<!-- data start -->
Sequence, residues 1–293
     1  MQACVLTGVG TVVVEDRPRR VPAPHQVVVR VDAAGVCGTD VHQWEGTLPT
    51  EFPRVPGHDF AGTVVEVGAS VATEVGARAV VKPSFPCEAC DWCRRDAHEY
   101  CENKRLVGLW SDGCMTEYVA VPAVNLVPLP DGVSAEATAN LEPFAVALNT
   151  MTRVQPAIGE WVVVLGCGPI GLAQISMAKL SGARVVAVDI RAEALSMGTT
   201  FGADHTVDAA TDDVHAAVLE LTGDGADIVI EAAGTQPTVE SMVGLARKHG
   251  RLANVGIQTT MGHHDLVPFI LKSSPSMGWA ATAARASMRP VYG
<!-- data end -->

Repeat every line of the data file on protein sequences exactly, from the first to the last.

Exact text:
Sequence, residues 1–293
     1  MQACVLTGVG TVVVEDRPRR VPAPHQVVVR VDAAGVCGTD VHQWEGTLPT
    51  EFPRVPGHDF AGTVVEVGAS VATEVGARAV VKPSFPCEAC DWCRRDAHEY
   101  CENKRLVGLW SDGCMTEYVA VPAVNLVPLP DGVSAEATAN LEPFAVALNT
   151  MTRVQPAIGE WVVVLGCGPI GLAQISMAKL SGARVVAVDI RAEALSMGTT
   201  FGADHTVDAA TDDVHAAVLE LTGDGADIVI EAAGTQPTVE SMVGLARKHG
   251  RLANVGIQTT MGHHDLVPFI LKSSPSMGWA ATAARASMRP VYG